The importance of recording your blood glucose
Log books and data collection are a crucial part of keeping your diabetes under control. When you write down the number it is easier to see your blood sugar patterns and know when you are on target or, conversely, why you are not on target. For most people, trying to remember multiple blood sugar numbers and what was happening at the same time as the blood sugar check is difficult and often inaccurate.
Depending upon your type of treatment you may need to check you blood sugar once every few days or multiple times a day. If you are treated with diet alone, and your blood sugar is under control, you only may need to check every few days. In contrast, if your blood sugar is not well controlled and you are starting medications or taking insulin or pills that increase you insulin levels you should check multiple times a day. When taking insulin, you also need to record your insulin dose, and usually your food and carbohydrate intake and activity level. Ask you doctor for blood sugar monitoring and log book recommendations that are specific for you.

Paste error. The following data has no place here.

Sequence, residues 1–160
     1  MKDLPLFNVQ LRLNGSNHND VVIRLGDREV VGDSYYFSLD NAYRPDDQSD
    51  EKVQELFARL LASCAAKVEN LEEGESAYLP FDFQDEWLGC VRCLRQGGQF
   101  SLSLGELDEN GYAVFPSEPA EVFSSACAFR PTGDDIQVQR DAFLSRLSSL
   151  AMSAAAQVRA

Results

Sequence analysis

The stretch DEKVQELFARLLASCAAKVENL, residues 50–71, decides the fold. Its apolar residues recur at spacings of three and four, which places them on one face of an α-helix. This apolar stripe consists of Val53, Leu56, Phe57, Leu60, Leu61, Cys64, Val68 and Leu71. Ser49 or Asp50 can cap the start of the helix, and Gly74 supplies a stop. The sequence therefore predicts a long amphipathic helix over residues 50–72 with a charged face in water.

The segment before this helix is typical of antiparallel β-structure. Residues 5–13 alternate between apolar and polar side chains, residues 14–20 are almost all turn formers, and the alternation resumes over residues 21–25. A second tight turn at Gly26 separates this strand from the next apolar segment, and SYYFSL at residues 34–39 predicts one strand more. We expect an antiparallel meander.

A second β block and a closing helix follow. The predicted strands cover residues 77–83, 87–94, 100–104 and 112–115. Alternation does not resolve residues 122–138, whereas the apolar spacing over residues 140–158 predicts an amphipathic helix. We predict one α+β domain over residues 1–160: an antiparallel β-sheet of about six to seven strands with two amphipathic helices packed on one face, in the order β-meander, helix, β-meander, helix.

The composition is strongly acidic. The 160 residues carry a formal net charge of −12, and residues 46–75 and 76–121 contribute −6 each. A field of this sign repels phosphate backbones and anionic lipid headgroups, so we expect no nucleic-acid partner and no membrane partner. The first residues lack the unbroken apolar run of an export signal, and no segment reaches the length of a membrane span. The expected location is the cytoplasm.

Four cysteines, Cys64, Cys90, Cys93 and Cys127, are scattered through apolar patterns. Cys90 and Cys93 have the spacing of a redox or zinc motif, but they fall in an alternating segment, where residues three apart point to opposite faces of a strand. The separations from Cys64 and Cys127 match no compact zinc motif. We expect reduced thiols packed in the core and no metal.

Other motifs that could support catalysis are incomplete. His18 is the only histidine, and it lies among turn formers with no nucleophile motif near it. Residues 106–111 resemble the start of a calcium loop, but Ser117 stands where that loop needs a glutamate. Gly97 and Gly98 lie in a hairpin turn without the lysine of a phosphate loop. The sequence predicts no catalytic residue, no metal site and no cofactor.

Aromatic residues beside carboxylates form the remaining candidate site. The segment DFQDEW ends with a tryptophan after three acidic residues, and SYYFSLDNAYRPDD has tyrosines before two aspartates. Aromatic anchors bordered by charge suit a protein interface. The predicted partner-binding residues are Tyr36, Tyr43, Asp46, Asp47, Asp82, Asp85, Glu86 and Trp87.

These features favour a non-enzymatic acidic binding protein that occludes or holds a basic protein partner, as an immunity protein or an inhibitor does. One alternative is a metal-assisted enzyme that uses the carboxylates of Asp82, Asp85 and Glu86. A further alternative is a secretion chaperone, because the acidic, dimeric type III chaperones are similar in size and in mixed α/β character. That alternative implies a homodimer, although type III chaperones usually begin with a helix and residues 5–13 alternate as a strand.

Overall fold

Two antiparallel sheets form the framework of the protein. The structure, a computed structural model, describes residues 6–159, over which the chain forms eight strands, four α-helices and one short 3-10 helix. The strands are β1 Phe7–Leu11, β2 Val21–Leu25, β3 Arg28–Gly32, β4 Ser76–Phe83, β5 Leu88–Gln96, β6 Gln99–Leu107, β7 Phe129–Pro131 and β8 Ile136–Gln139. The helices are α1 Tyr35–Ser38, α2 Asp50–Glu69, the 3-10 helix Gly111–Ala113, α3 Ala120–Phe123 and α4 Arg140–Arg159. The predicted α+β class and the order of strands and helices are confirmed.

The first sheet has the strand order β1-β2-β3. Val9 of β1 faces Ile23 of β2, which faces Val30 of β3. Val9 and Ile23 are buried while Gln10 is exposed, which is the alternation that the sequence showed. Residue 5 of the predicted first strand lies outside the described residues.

There are three ways people commonly fill out the log books. Each method is listed below.
The simple log tracks your blood sugar at various times on different days. This is suitable when your treatment doesn’t change or put you at risk of having a low blood sugar.
A more comprehensive log includes the blood sugar levels at various times on different days, and includes notations about exercise, food (carbohydrates) and medication doses. Use this log when you want to understand how your blood sugar is responding to different foods, activities and medication.
The most complex and intensive log book captures the most important variables that affect the blood sugar, including:
- time of day
- blood sugar level,
- amount of carbohydrate or sugar eaten
- food diary
- type and dose of medications or insulin
- type and duration of exercise
- any other unusual events such as medications or stresses
This intensive log is used when you are taking multiple doses of insulin or using an insulin pump.
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